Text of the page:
Some long time ago it was suggested that 12-Step recovery could help me. Well, it wasn’t just suggested. I was told to do 90 meetings in 90 days, get a sponsor and work the Steps. More so, I had to like it. No, I had to love it. It was important that a meeting be the highlight of my day and that my sponsor was God’s incarnation on earth.
If none of that was true, I certainly wasn’t going to tell anyone. It would have been blasphemy!
Of course, that message is echoed at meetings. The number of people who love Alcoholics Anonymous (AA) and love their sponsor echo that sentiment consistently. People who may feel differently remain quiet.
This post is not meant to be anti 12-Step recovery. It is meant to say that it’s OK to go to 12-Step meetings even though you don’t buy in hook, line and sinker. One can just hang out around the fringes. You will find that many people do. If you hang around the fringes long enough you will meet those people—they’re usually near wherever coffee is available. You may share a laugh or two. You will find out that you’re not the only one who feels as you do. You will make a few friends. Most importantly, you will discover that you are not alone.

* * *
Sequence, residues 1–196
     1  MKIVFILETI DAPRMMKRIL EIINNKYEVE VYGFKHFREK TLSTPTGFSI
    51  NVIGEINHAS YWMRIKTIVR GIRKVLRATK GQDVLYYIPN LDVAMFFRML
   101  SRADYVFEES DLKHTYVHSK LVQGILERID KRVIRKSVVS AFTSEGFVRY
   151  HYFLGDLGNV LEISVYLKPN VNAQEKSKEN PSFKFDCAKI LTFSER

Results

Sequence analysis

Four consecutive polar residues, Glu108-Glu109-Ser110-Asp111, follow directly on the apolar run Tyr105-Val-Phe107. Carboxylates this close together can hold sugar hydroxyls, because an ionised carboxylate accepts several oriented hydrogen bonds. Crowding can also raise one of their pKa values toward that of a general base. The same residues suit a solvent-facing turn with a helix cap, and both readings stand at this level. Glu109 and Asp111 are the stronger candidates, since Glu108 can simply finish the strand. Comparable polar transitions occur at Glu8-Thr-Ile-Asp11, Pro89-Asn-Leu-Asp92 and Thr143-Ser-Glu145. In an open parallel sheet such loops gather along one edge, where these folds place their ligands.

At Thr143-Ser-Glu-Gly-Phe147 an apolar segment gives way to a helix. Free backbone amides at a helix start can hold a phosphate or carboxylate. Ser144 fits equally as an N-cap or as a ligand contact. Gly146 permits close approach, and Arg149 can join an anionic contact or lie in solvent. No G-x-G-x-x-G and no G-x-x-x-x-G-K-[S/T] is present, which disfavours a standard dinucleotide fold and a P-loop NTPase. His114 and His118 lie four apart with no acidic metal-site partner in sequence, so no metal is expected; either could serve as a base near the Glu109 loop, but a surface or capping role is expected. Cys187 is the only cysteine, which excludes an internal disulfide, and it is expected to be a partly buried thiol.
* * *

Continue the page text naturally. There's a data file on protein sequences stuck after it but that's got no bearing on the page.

It’s called “fellowship.”
There are always people at mutual-support meetings who are there because they have to be—it’s better than jail or being kicked out of a sober home. If that is the case for someone, my suggestion for that person is to use that time productively. Pay attention; you are bound to hear a few things that make sense. It’s better than wasting an hour. And it’s just an hour.
Maybe “90 in 90” can mean one recovery activity a day. An appointment with a therapist is a recovery activity, as is doing an activity in a workbook. Not everyone can work a full day, keep an appointment with a therapist, spend time with family, and go to a meeting.
Addiction may be the only disease for which people will pursue treatment only if they like it. But do they have a few hours out of the 168 in a week to increase the chances to stay well? A 12-Step meeting may be the only place to reinforce a very important message: “Don’t pick up.”
The culture we live in will tell us that using is romantic, masculine or feminine, attractive, sexy, cool, bold and powerful. It will tell us that in order to reward ourselves, rejoice or celebrate, alcohol has to be part of the experience. It doesn’t.
Twelve-Step recovery has done amazing things for millions of people. Hang around long enough, and you (or one of your patients) may become one of them.
There are numerous options today: SMART Recovery, Refuge Recovery, Women in Recovery, etc.
The bottom line is that no one has to do this alone.